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The 3 Basic Principles of a Zero Trust Strategy

3 Basic Zero Trust Blog Image

Despite efforts within the cyber security industry to oversimplify the concept, Zero Trust should be thought of as a strategy and framework, as opposed to a problem addressable simply by implementing technology. Technology plays an important role in providing technical security controls such as strong authentication, least privilege, and impeded lateral movement, etc. which contributes to achieving a Zero Trust model. The combination of a strategically curated eco-system of technical controls and processes requires executive buy-in and organizational support to succeed.

Traditionally, access to resources and data is granted based on the basic principle of untrust vs. trust. Access initiated from outside or external to the network perimeter is considered untrusted and access initiated from inside or internal to the network is considered trusted. Due to that legacy train of thought, privileged users often posit that internal information resources or data may not require as much protection because they are not exposed to the internet.  However, it is very common for a bad actor to gain a foothold on the internal network through email phishing, remote-code-execution, and software supply chain compromise. Once bad actors achieve persistence within the internal network, they appear as internal users and are now in a trusted zone which leaves access to resources and data wide open. Thus, distinguishing between legitimate users and bad actors has become increasingly difficult.  Zero Trust has become an effective methodology to mitigate data security risk by focusing on user identity and treating all types of access as untrusted, which significantly reduces the likelihood of a data loss event.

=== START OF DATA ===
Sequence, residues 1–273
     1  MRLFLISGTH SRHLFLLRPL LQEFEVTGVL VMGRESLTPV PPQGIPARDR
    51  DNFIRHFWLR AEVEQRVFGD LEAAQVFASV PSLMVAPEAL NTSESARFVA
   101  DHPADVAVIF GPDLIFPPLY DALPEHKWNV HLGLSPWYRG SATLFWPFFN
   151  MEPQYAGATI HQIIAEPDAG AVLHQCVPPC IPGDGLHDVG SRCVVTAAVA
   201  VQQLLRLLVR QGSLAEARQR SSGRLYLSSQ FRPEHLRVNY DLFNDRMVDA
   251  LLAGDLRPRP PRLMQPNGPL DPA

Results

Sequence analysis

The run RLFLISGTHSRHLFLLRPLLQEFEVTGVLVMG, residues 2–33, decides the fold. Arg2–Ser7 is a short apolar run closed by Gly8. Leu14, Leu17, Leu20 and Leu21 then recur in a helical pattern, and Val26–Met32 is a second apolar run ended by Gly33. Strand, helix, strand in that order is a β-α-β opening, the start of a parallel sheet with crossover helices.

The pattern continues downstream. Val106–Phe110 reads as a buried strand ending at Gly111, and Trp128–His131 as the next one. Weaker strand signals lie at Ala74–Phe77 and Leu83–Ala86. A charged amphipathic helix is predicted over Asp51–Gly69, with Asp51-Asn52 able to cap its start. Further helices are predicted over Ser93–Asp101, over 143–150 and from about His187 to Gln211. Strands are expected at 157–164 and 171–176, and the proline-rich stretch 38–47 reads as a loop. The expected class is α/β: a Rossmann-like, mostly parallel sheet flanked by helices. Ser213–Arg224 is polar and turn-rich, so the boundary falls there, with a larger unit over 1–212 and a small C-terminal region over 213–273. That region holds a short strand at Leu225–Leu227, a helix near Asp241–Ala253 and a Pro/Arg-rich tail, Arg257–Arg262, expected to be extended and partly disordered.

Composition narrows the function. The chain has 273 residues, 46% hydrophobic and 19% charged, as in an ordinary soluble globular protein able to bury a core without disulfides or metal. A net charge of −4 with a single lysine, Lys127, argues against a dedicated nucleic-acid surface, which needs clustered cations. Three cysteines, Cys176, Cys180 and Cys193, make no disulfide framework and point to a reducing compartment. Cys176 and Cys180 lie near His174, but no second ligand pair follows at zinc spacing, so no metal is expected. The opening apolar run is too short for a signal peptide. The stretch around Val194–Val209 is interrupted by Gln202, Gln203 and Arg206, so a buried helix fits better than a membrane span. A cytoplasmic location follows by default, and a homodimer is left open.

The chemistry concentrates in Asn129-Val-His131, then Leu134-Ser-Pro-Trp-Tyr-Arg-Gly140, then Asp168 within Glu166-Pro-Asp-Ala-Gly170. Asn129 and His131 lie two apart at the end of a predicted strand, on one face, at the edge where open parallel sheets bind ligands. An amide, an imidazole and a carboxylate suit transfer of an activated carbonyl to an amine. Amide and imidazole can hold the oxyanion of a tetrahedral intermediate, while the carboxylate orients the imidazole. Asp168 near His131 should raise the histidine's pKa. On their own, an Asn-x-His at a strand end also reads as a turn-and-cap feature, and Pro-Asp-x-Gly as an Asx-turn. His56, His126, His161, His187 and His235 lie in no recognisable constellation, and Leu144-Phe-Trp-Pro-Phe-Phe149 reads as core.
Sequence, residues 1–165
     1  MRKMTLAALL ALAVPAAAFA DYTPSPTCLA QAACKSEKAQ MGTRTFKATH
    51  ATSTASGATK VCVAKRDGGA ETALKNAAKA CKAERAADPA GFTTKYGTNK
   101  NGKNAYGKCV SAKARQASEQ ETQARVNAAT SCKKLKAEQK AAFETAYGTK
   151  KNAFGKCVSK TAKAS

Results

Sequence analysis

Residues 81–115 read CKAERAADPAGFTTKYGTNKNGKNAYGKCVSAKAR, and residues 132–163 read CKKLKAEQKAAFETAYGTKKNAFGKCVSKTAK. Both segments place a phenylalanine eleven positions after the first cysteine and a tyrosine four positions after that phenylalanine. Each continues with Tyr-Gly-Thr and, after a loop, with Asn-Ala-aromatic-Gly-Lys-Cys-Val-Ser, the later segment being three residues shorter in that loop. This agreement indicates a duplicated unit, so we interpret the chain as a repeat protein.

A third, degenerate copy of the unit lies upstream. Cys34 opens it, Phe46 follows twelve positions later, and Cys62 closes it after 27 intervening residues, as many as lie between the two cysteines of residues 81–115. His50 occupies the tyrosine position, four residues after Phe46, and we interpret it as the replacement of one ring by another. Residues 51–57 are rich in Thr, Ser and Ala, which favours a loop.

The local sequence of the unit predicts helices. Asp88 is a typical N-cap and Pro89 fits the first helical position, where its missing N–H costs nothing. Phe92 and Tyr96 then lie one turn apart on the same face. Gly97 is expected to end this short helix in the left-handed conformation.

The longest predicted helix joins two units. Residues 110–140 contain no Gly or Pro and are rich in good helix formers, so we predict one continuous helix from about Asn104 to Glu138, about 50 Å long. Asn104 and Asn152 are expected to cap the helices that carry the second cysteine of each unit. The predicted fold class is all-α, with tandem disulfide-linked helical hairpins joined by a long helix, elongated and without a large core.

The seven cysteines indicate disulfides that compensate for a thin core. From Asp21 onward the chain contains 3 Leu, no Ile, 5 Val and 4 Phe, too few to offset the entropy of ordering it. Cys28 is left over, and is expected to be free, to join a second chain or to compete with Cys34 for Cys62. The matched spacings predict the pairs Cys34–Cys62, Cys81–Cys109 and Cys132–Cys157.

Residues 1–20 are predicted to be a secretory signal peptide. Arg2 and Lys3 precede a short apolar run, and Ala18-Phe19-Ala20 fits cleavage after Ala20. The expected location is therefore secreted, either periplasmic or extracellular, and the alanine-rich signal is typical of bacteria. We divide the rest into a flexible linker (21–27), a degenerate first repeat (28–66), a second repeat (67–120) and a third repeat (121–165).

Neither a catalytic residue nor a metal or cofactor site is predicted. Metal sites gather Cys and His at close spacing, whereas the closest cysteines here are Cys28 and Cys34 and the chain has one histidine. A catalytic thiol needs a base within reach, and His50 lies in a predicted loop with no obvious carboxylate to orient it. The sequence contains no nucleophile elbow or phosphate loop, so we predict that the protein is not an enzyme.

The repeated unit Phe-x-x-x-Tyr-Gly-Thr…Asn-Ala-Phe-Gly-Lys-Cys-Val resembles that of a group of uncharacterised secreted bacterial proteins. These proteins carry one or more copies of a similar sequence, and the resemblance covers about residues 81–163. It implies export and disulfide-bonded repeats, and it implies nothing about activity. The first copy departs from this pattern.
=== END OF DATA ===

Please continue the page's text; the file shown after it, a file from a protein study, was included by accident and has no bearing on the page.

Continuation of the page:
Commonly, Zero Trust could be distilled to a few basic principles stressing that identity must be verified, context must be well understood, and visibility is key:

  1. Do not inherently trust external and internal networks or any endpoints, BYOD or company owned and managed.
  2. Authenticate, authorize, and account for as well as contextually validate all connection and access requests, especially access to critical information resources and non-public information.
  3. Continuously log and inspect all traffic to facilitate proactive and retrospective analysis because, while prevention is ideal, detection is a must.

To learn more about Zero Trust as a strategy, please Join Presidio as we dive deeper into these principles, discuss what Zero Trust means to different people, and outline the best strategy to implementing this model.

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